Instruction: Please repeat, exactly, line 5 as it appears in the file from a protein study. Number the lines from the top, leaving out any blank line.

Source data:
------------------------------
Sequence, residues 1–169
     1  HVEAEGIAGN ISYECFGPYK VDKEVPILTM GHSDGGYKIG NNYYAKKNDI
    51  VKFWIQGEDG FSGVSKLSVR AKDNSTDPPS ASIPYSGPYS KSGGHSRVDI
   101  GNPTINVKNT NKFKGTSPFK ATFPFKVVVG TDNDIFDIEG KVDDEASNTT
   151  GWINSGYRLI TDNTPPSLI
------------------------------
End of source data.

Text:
   151  GWINSGYRLI TDNTPPSLI